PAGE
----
iPhone 4S

iphone 4s

Oh, it all seemed so innocent back in 2012 when I switched from my Blackberry to my first iPhone. It was the iPhone 4S. The “S” stood for Siri. Siri was my first voice activated assistant.

I found that I used Siri mainly for dictating text messages and emails rather than trying to type things into the phone’s touch screen. Siri did a pretty good job too.

Occasionally I asked Siri to tell me a joke or look something up for me, but not often.

Alexa

So now it’s 2019 and I have Siri on my tablets, my MAC, and iPhone 7. I have three Amazon Echo’s with Alexa, and in my car, my Garmin Smart Drive responds to my voice commands.  It sends me instant traffic information and detours when necessary, along with important weather alerts and breaking news.

I really feel like Dave in 2001, controlling so much of my world with just my voice.

It’s quite addictive and it happens very fast.

I hope they don’t ever turn against me.

Artificial Intelligence

Elon Musk and Stephen Hawking have both warned that AI (artificial intelligence) could potentially be very dangerous. Stanley Kubrick and Arthur C. Clarke certainly showed my generation why, back in 1968. AI is about building machines that think for themselves and grow in their intelligence. It’s what will make a world of self-driving cars, and so much more, possible.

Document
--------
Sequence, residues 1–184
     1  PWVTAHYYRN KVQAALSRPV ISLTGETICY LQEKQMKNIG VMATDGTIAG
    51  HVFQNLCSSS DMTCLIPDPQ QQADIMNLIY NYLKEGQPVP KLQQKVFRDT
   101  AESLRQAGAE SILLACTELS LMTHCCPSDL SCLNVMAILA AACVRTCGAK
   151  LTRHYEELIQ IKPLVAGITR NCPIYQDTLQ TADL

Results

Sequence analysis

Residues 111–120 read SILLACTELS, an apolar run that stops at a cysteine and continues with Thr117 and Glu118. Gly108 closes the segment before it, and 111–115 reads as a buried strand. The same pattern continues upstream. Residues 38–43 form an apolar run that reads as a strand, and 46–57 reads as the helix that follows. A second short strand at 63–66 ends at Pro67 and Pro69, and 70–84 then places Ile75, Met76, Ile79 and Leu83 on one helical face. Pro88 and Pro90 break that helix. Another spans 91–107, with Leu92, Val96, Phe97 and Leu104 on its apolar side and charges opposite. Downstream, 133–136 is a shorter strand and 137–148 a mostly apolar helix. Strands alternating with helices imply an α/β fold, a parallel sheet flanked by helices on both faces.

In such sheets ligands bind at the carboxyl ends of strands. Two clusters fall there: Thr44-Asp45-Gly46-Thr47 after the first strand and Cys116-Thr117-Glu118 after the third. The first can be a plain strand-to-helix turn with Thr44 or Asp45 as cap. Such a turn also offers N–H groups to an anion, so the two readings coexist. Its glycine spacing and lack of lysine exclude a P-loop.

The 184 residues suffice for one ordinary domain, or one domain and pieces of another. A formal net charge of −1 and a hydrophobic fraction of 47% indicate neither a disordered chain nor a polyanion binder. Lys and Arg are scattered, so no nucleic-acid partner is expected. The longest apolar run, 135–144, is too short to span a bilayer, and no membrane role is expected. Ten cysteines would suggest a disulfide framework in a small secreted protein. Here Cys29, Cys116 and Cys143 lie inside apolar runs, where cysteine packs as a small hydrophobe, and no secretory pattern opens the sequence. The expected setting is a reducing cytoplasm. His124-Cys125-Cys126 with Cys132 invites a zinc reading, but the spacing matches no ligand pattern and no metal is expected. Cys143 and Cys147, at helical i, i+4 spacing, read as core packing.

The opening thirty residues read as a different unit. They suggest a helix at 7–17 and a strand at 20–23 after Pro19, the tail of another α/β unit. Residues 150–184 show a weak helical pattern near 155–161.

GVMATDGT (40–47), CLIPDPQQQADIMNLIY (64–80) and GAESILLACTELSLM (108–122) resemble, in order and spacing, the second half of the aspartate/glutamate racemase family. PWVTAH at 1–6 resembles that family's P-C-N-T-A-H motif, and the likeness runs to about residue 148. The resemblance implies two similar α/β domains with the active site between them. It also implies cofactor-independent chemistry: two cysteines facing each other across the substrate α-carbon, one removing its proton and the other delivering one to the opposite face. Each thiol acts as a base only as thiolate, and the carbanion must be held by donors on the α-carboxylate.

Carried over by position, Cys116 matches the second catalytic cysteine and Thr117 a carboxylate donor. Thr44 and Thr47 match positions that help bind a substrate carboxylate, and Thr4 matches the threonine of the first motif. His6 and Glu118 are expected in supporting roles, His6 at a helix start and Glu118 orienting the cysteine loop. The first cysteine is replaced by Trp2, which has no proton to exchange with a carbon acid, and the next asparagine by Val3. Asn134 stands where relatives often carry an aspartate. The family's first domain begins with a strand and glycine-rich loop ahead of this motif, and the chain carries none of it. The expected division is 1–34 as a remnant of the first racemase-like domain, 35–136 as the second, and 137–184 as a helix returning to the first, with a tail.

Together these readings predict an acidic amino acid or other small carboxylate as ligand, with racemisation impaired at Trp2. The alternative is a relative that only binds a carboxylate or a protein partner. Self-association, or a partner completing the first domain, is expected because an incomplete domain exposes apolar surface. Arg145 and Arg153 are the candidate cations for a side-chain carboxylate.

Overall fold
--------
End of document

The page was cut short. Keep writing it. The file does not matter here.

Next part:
Elon Musk has written:

“The pace of progress in artificial intelligence is incredibly fast. Unless you have direct exposure to groups like Deepmind, you have no idea how fast – it is growing at a pace close to exponential. The risk of something seriously dangerous happening is in the five-year timeframe. 10 years at most.”

On Demand

The world we live in today is one of “On Demand.” The future belongs to those who can create what people want and deliver it when they want it.

The consumer won’t have it any other way.

It’s not an attack on radio broadcasters. It’s the future. Here. Now.

 

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Watch the Media